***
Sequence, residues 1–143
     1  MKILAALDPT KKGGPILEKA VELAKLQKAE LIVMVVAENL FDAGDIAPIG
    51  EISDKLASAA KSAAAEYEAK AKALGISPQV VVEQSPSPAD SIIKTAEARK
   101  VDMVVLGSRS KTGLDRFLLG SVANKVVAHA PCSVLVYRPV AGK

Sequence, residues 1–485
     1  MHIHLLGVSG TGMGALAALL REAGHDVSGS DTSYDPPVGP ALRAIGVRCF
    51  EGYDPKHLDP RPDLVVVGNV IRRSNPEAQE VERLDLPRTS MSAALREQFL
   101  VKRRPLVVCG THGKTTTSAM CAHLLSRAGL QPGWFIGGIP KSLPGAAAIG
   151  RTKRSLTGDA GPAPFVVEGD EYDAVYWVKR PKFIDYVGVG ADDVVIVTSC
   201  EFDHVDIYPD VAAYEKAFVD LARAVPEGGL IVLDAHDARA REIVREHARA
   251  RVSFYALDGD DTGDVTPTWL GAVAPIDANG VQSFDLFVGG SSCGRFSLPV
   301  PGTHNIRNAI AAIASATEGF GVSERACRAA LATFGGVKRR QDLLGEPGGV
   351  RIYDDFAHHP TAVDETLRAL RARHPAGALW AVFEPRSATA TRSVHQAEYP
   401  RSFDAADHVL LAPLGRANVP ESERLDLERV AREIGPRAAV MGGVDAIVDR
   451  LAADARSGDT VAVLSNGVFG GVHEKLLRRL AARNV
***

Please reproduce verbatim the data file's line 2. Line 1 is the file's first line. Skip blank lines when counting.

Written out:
     1  MKILAALDPT KKGGPILEKA VELAKLQKAE LIVMVVAENL FDAGDIAPIG